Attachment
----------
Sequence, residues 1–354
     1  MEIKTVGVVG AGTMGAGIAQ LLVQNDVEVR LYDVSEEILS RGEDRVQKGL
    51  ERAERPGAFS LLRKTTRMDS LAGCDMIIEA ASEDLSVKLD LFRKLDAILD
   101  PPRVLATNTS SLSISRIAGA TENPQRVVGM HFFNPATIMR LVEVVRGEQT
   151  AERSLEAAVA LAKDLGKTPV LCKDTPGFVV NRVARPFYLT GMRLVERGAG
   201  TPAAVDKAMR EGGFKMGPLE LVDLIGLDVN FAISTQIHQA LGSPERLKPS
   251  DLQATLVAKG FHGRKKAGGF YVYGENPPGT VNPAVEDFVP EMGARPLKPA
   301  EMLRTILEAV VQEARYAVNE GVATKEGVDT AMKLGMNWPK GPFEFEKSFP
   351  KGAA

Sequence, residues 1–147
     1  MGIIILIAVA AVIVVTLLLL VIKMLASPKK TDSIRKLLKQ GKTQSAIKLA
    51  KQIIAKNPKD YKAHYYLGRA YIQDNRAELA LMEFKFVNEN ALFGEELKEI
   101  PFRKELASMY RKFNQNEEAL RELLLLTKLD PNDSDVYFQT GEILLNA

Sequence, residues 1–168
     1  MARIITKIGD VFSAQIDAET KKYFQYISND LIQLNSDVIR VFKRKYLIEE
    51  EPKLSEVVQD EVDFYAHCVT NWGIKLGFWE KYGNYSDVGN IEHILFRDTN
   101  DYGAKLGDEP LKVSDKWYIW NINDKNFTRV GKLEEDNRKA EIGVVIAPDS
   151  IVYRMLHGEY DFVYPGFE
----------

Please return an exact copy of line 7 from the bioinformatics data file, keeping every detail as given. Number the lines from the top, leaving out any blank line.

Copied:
   251  DLQATLVAKG FHGRKKAGGF YVYGENPPGT VNPAVEDFVP EMGARPLKPA